Discussion in 'Electronic Basics' started by Jack Crane, Nov 25, 2004.

1. ### Jack CraneGuest

What does the Rnd key (SHIFT 0) (in the lower-left corner) on the Casio fx-
115MS calculator do, and how is it used?

And is there anywhere on the web a better manual than the one that comes
with the product? Or a tutorial?

Thanks,

Jack

2. ### Jonathan KirwanGuest

It produces a "random" number.

Jon

3. ### Steve EvansGuest

It rounds off the internal value contained in the Y-register so it
equals the displayed value.

4. ### Jack CraneGuest

Could you give me an example that includes the keys to push?

Thanks,

Jack

5. ### Jack CraneGuest

From what range? The Rnd# key gives a random number in (0,1).

Jack

6. ### Jonathan KirwanGuest

Woops! I got the key next to it! You said, Rnd! My mistake!

Jon

7. ### Jonathan KirwanGuest

Yup! I was looking down at the calculator and looked for shift-0 and instead
saw shift-. My mistake. Actually, I don't recall ever using Rnd, which is
probably why I so quickly assumed I picked out the right key. Sorry about that.

Jon

8. ### Jack CraneGuest

Apology accepted.

Jack

9. ### Steve EvansGuest

I guessso, but its rather late now where I am. I'll do it ifircall
tomorrow.

Great!

Jack

11. ### Steve EvansGuest

Well here I amagain. Your calculator has three main registers for
holding current values, X, Y, and K registers. they each have three
particular jobs to do. X is the working reg., holding the displayed
value, Y's like a variable reserve reg. for any ohter 'reserve' value
and K holds fixed, programmable values. If you divide 50 by 10 then
press <shift><x-y> you'll get the result 0.2 ratger tgan 5. Fool
around with these registers and the RND function and yo';ll see what
goes down. BTW, if you don't know what it does, why do you need to use
it?
Have fun.

12. ### Robert MonsenGuest

Try this sequence:

PI = sin ans

you get zero.

Now, try

PI rnd = sin ans

you get 3.59n (or 3.59e-9)

The rnd rounded PI to the digits on the display, so the answer wasn't
exact wrt the internal registers.

I can't think of a good use for this key. You almost never care about
more than a few significant digits anyway.

--
Regards,
Robert Monsen

"Your Highness, I have no need of this hypothesis."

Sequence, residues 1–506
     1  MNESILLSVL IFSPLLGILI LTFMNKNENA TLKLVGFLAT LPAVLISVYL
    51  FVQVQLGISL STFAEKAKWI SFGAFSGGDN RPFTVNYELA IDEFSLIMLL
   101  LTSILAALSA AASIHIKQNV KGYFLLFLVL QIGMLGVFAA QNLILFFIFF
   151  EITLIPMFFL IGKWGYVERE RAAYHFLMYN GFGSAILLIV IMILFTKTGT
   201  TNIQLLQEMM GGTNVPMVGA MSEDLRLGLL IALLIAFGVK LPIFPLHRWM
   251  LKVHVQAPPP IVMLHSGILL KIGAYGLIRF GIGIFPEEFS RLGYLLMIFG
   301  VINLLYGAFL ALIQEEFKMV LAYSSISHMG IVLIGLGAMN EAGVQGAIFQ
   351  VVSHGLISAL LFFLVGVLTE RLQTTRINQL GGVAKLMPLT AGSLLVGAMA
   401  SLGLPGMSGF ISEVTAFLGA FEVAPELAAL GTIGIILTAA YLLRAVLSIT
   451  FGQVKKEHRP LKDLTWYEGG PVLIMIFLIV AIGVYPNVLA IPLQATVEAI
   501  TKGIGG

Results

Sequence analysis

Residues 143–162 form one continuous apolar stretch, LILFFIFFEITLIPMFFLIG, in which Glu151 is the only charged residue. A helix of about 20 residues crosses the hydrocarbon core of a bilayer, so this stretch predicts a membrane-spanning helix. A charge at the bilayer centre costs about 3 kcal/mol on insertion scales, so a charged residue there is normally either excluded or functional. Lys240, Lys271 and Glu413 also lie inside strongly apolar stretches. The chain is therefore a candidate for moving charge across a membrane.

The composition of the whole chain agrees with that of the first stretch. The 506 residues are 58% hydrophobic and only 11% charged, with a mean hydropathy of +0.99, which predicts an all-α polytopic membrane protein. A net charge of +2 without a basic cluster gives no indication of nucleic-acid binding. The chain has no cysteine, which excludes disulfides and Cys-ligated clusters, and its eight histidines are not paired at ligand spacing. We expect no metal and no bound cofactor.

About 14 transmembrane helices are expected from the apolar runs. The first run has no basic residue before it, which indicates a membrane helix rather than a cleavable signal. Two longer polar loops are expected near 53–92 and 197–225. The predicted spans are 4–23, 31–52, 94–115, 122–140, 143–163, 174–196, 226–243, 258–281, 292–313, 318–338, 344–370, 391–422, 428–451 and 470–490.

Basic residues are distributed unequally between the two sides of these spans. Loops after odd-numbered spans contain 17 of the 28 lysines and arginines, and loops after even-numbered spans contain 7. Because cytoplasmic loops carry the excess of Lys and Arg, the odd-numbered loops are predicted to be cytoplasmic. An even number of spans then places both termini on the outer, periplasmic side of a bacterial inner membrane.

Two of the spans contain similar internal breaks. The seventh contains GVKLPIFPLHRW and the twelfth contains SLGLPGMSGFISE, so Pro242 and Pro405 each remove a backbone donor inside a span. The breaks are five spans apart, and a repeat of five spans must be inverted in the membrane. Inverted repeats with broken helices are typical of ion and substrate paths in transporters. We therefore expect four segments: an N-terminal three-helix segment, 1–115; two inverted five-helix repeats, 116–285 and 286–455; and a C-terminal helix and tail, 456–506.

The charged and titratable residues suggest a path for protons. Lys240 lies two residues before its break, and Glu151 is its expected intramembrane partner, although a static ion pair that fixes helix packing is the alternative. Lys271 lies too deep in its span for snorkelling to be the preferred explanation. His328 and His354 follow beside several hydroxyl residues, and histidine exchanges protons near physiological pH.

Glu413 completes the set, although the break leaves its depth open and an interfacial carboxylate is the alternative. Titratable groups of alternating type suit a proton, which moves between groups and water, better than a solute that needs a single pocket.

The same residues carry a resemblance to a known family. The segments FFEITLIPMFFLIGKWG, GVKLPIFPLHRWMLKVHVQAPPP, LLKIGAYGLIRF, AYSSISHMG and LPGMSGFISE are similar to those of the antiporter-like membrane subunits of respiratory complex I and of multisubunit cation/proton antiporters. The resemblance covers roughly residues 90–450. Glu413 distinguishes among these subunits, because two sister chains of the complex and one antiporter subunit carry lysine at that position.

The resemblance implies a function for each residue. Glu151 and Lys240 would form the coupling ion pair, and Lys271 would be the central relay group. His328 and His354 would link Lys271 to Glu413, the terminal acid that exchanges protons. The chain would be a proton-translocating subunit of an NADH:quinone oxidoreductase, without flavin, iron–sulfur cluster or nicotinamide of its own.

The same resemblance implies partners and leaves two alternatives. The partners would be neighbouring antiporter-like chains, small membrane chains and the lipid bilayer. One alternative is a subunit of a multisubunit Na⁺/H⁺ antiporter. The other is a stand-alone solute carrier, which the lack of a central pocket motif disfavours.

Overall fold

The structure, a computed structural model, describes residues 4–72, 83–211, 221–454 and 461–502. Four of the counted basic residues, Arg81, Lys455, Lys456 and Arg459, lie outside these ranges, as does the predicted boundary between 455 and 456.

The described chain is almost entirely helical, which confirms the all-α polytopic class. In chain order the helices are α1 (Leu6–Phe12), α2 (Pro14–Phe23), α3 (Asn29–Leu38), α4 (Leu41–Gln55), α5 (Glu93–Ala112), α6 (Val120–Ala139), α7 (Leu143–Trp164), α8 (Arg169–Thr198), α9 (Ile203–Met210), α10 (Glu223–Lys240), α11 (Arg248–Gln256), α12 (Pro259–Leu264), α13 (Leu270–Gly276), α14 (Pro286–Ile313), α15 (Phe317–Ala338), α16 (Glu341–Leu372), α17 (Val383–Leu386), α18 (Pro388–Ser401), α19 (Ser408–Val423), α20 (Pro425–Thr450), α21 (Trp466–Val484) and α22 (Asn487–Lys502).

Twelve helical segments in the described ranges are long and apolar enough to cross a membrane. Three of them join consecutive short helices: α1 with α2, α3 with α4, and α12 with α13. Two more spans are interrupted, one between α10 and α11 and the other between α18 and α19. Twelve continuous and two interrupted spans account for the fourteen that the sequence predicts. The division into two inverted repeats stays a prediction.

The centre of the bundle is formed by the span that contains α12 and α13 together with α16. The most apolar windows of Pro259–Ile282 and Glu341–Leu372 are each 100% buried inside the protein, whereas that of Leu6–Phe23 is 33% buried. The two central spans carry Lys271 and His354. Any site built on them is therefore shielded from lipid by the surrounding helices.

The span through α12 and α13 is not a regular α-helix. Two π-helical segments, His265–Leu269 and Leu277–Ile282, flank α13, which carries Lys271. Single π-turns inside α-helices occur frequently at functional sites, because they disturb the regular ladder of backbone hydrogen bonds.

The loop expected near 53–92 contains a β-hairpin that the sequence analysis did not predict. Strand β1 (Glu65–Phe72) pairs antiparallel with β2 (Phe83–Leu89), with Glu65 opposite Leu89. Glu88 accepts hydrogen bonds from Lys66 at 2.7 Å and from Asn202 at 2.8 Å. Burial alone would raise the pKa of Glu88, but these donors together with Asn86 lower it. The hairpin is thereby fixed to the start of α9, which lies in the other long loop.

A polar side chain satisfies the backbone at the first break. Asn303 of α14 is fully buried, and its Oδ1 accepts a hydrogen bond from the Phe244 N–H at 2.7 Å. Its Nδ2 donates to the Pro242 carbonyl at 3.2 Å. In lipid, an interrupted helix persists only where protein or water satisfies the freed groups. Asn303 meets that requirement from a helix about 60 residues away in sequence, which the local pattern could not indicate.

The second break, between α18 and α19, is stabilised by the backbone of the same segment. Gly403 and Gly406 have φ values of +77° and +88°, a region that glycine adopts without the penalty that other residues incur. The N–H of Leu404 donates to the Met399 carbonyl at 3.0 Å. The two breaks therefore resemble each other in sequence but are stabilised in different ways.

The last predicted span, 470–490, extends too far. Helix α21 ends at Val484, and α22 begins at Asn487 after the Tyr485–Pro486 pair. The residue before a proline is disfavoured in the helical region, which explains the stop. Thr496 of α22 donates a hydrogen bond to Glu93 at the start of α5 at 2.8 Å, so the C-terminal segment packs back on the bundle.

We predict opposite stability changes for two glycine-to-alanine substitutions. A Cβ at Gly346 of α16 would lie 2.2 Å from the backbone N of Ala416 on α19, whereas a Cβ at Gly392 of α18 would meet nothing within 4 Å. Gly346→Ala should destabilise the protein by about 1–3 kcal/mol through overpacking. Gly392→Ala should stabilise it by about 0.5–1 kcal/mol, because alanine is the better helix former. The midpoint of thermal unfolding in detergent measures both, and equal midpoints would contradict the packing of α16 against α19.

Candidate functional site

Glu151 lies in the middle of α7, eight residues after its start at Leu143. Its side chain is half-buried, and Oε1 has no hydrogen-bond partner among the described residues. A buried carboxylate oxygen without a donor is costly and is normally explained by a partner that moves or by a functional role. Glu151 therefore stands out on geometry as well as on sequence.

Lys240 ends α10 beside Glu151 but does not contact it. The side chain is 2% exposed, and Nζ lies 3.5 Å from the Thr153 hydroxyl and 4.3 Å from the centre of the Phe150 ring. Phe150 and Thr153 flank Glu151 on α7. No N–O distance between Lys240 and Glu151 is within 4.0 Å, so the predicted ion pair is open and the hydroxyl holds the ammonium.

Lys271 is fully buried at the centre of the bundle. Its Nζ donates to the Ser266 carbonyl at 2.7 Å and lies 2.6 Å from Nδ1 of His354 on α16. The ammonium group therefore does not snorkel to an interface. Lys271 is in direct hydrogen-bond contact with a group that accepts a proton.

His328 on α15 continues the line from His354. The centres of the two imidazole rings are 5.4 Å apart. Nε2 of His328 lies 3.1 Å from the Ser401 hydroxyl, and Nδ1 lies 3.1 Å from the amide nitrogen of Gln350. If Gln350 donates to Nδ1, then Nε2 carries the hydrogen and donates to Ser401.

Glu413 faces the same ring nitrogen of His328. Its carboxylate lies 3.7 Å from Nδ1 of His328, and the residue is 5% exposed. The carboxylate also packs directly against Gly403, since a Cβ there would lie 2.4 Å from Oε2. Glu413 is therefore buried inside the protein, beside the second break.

- Pierre Laplace (1749-1827), to Napoleon,
on why his works on celestial mechanics make no mention of God.

13. ### Jack CraneGuest

So why don't you just tell me what RND does?

BTW, if you don't know what it does, why do you need to use
Is that a joke? If not, what do you mean? If I knew what it does, I might
or might not find it useful. If it is useful to me, then I need it.

Jack

14. ### Jack CraneGuest

OK, in RAD MODE I pushed SHIFT-PI, =, sin, ANS, and got 0. That's fine.
I pushed SHIFT-PI, SHIFT-Rnd, =, sin, ANS, and got 0 again, not your
3.59n. Do you have the fx-115MS?
Thanks for trying to help.

Jack

15. ### Robert MonsenGuest

Sorry, I got the directions wrong, you need to put the value PI into the
internal registers before you hit shift rnd. So, try this:

shift PI = (puts it into the register)
shift rnd (rounds register to whats on the display,
subtracting some delta)
sin ans = (computes sin(PI - delta))

--
Regards,
Robert Monsen

"Your Highness, I have no need of this hypothesis."
- Pierre Laplace (1749-1827), to Napoleon,
on why his works on celestial mechanics make no mention of God.

16. ### Jack CraneGuest

Ok, got it. Thanks.

BTW how did you learn this? I've found online PDFs of both sheets that came
with my calculator, and that constitute its manual. They are at
<ftp.casio.co.jp/pub/world_manual/ edu/en/fx100MS_115MS_E.pdf>

And

<http://ftp.casio.co.jp/pub/world_manual/edu/en/fx115MS_991MS_E.pdf>

And Rnd is mentioned in neither of them.

I'm now trying to figure out CALC. Could you take a look at the PDF of the
second link I've quoted (or at your calculator's manual)? The CALC Memory
section is on page 6 of the PDF. The example there doesn't work correctly
for me. When I finish entering the function the screen shows "x-cubed + 3x
- 12", which looks good. Then I push CALC and answer "7" for the "x?"
prompt. I get 352 (instead of the correct 58). And for x=8 I get 524 (not
76). Any ideas?

Thanks,

Jack

17. ### Steve EvansGuest

Really? Mine is obtained by pressing <shift><X^2> But I use the
fx-3400P which may differ in some respects. I assumed mine was just
hte programmable version of yours, but the differences might go wider,
I dunno.
Robert and me have already told you that.
Fair enough.

18. ### Chaos MasterGuest

Jack Crane is, and always will be:
I think it stands for 'round number'.

I have not had a Casio calculator for a long time, but AIUI and IIRC it
works like:

3.5683927835
3

RND

3.568

(rounding 3.5683927835 to 3 decimal)

--
Chaos Master®, posting from somewhere near Porto Alegre, Brazil.
"... one either has a shit, or not. Do you have yours?"
¯¯¯¯¯¯¯¯¯¯¯¯¯¯¯¯¯¯¯¯¯¯¯¯¯¯¯¯¯¯¯¯¯¯¯¯¯¯¯¯¯¯¯¯¯¯¯¯
http://marreka.blogspot.com --> news, hotter than high-power transistors!

NP in foobar2000: 15. Evanescence - [Fallen #05] Haunted [3:07]

19. ### Robert MonsenGuest

7^3 = 343
3x7 = 21

so

343 + 21 - 12 = 352

Sounds like you are doing it right...

Now, try to figure out 'solve'.

--
Regards,
Robert Monsen

"Your Highness, I have no need of this hypothesis."
- Pierre Laplace (1749-1827), to Napoleon,
on why his works on celestial mechanics make no mention of God.

20. ### Jack CraneGuest

Oops. Thanks for checking this. In dim light with dimming eyes, from the